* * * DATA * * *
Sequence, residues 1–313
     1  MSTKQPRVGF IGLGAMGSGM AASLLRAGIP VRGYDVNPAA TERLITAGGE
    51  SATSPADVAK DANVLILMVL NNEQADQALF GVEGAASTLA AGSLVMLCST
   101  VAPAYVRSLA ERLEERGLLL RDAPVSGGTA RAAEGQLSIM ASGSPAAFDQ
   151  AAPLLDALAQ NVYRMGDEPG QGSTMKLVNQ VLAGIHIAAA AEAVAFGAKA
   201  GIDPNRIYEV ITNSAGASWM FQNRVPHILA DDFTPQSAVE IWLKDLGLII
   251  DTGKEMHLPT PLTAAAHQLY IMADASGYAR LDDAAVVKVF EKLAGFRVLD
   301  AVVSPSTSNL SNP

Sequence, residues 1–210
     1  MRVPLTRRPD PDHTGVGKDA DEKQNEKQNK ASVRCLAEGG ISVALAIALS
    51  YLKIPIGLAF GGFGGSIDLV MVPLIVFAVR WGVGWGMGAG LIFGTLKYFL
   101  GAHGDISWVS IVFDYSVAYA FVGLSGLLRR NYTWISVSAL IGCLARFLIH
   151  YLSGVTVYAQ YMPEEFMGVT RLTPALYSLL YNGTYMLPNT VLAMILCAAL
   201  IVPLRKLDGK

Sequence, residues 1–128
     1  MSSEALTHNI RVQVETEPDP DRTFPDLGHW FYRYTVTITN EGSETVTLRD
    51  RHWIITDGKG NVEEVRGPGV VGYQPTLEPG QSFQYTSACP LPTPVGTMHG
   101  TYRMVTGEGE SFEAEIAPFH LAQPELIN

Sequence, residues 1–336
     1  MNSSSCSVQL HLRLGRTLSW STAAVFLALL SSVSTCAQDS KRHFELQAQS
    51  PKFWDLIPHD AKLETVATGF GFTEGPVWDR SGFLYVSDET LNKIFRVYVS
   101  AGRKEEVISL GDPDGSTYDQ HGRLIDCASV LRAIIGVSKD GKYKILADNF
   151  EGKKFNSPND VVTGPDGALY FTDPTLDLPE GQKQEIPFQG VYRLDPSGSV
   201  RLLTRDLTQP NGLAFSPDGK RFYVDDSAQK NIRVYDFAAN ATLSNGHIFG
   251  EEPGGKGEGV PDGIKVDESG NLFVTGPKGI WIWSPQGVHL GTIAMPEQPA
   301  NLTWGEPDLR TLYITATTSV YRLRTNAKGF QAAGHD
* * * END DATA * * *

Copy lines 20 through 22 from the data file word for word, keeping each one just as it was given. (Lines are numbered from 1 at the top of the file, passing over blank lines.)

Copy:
     1  MNSSSCSVQL HLRLGRTLSW STAAVFLALL SSVSTCAQDS KRHFELQAQS
    51  PKFWDLIPHD AKLETVATGF GFTEGPVWDR SGFLYVSDET LNKIFRVYVS
   101  AGRKEEVISL GDPDGSTYDQ HGRLIDCASV LRAIIGVSKD GKYKILADNF